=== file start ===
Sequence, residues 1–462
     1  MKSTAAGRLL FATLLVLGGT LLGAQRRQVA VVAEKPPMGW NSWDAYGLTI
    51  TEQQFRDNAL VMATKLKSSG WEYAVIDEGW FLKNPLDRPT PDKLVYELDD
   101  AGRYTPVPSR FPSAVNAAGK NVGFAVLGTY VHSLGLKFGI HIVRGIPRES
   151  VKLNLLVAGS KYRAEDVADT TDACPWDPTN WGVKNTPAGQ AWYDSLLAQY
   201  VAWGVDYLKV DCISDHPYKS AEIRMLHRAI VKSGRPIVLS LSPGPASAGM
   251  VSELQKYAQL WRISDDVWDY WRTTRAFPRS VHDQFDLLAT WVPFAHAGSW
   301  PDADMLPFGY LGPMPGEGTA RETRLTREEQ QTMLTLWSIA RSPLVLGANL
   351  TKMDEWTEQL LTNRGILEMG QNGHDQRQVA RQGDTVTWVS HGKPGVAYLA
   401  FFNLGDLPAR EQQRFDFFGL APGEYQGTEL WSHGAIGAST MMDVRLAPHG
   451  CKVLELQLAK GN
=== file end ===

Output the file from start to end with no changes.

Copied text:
Sequence, residues 1–462
     1  MKSTAAGRLL FATLLVLGGT LLGAQRRQVA VVAEKPPMGW NSWDAYGLTI
    51  TEQQFRDNAL VMATKLKSSG WEYAVIDEGW FLKNPLDRPT PDKLVYELDD
   101  AGRYTPVPSR FPSAVNAAGK NVGFAVLGTY VHSLGLKFGI HIVRGIPRES
   151  VKLNLLVAGS KYRAEDVADT TDACPWDPTN WGVKNTPAGQ AWYDSLLAQY
   201  VAWGVDYLKV DCISDHPYKS AEIRMLHRAI VKSGRPIVLS LSPGPASAGM
   251  VSELQKYAQL WRISDDVWDY WRTTRAFPRS VHDQFDLLAT WVPFAHAGSW
   301  PDADMLPFGY LGPMPGEGTA RETRLTREEQ QTMLTLWSIA RSPLVLGANL
   351  TKMDEWTEQL LTNRGILEMG QNGHDQRQVA RQGDTVTWVS HGKPGVAYLA
   401  FFNLGDLPAR EQQRFDFFGL APGEYQGTEL WSHGAIGAST MMDVRLAPHG
   451  CKVLELQLAK GN